This material includes more than forty songs featuring different uses of the subjunctive mood - the "otro modo" in "Cantar de otro modo" - from "Emociones" to "Circunstancias" (or "Sin que + subjunctive".) Lyrics accompany each YouTube video.
Type of Material:
Music Blog; collection
Instructors can adapt the lyrics provided to create clozeline activities for student use. Pre- and post-listening activities can also be created to increase students' comprehension and personalize the songs for them. For example, after listening to "Si fuera un chico," students can reflect on how their lives would be different if they were of the opposite sex. Students can also listen to the songs outside of class as a way to reinforce the grammar and receive comprehensible input.Independent study inclass to illustrate certain discrete grammar points.
Identify Major Learning Goals:
This material most easily lends itself to improving listening comprehension. It may also be used to teach culture (e.g. Luis Guerra's "Ojalá que llueva café en el campo"), make connections to other disciplines (e.g. politics in Juanes's "A Dios le pido") and make comparisons (e.g. compare the English and Spanish versions of Beyoncé's "Si fuera un chico").
Target Student Population:
First and second-year students of Spanish can benefit from this site. Both secondary and post-secondary learners will like it.
Prerequisite Knowledge or Skills:
Basic Spanish and Familiarity with the subjunctive verb forms and uses
The site's creators have identified songs that illustrate nearly every use of the subjunctive mood imaginable in both the present and imperfect and ranging from the general ("Deseos") to the specific (with "para que"). The songs represent a variety of countries and genres. Most of them are contemporary, which will appeal to secondary and post-secondary students, but artists like the early twentieth-century tango singer Carlos Gardel are also included.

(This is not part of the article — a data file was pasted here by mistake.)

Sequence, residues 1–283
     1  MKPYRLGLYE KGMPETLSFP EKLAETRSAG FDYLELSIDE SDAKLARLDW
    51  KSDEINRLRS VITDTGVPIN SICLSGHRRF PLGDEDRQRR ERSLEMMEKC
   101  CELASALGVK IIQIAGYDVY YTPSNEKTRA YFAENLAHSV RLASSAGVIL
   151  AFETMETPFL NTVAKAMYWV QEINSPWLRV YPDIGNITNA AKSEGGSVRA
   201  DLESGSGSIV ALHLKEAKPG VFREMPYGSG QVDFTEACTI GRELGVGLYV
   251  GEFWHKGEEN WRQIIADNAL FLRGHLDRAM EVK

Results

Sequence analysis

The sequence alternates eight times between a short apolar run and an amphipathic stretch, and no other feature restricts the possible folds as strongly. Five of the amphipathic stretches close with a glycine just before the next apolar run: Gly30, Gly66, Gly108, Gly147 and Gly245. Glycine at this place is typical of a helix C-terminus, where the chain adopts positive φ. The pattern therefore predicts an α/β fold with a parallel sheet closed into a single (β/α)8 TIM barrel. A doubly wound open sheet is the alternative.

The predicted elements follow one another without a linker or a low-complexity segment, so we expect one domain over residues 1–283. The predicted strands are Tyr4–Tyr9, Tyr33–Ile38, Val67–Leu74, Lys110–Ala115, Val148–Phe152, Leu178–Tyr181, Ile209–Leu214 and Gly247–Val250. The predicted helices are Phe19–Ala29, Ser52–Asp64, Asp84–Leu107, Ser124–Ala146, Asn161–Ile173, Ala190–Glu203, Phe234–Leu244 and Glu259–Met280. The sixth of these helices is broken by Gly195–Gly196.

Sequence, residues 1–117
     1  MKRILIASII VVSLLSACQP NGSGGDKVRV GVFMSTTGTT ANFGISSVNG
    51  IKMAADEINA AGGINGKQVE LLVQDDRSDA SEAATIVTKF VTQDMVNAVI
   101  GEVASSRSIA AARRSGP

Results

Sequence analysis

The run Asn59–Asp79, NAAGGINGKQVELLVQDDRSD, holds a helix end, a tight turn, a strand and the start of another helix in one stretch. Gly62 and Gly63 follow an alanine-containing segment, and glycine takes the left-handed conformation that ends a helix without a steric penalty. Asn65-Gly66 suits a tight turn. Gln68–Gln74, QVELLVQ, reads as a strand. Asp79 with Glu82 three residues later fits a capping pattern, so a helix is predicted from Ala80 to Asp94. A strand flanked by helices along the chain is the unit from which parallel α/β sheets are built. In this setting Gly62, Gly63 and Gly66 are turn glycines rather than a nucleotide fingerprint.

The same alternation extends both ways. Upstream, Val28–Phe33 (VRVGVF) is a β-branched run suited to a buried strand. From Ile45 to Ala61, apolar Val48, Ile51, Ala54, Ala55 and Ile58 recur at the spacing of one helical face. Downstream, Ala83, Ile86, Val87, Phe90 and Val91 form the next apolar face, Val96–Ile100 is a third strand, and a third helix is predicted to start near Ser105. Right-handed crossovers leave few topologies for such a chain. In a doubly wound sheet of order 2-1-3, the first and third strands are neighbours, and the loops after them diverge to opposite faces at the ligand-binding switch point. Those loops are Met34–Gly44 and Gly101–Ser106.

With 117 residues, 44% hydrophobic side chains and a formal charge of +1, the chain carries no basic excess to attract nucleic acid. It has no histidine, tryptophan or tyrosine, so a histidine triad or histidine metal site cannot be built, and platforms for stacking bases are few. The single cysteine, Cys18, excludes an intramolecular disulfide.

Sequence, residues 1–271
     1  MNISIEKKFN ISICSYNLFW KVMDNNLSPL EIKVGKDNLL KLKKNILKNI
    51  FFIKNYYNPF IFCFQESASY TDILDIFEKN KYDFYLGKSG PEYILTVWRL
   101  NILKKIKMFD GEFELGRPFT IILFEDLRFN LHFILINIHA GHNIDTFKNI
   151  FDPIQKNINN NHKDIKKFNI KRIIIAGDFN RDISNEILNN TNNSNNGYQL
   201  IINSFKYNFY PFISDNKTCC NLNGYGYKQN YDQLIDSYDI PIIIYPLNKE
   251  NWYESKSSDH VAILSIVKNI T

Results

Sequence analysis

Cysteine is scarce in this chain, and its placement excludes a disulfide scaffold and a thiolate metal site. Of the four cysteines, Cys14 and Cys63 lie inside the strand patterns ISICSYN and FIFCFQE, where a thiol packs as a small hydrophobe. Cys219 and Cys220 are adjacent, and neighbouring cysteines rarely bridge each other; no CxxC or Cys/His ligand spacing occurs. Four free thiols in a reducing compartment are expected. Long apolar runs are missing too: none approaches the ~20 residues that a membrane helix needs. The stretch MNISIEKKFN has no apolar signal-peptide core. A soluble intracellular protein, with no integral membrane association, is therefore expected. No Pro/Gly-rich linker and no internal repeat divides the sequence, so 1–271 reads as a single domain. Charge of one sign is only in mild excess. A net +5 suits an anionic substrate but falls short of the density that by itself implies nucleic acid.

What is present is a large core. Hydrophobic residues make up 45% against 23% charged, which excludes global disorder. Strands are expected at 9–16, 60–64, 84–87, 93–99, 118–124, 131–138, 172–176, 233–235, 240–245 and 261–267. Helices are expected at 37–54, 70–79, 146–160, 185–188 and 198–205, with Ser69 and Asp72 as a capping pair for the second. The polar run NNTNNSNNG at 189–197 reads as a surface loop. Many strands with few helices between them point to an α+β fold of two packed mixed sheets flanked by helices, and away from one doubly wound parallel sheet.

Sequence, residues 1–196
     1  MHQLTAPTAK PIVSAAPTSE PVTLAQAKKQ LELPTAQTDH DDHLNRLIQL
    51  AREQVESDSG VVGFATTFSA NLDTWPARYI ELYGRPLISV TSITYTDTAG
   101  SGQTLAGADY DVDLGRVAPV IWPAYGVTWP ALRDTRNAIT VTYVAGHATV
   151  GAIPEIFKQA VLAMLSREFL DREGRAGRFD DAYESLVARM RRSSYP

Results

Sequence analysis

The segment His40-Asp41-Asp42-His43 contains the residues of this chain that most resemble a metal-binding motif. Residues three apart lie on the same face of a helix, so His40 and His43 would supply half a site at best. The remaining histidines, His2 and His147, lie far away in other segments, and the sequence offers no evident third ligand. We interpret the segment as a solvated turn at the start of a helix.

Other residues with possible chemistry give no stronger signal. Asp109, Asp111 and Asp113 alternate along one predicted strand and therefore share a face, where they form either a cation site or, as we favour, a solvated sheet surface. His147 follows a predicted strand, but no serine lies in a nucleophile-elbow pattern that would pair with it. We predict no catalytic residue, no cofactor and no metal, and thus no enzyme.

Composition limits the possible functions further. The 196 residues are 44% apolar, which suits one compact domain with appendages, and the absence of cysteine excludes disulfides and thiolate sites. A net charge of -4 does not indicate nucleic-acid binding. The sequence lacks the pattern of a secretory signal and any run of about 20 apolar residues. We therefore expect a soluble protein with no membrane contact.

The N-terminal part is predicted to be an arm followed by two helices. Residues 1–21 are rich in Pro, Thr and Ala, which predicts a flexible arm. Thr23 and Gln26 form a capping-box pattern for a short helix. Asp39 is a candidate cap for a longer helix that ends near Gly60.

Potential Effectiveness as a Teaching Tool
This site not only exposes students to songs in the target language but also demonstrates the prevalence of the subjunctive mood in common usage of the Spanish language.The fact that the students have to listen multiple times to understand lyrics correctly is helpful for listening comprehension practice.
The site would more effectively engage learning if interactive and/or self-correcting activities were included. However, by identifying songs that feature so many different uses of the subjunctive, the creators have offered an invaluable service to Spanish educators and students.
Ease of Use for Both Students and Faculty
The site is very well organized according type of subjunctive used in each song. Thumbnail views of each video clip are clearly labeled with the songs' title and artist(s). It includes a brief introduction but no instructions as use of the information provided is largely intuitive.
There is a great amount of empty space in the right-hand side of the page after the end of the category list. Using larger thumbnails of the videos to fill the space is one way to make the site more aesthetically pleasing. Reformatting the category list to make it more narrow is another way.
Other Issues and Comments:
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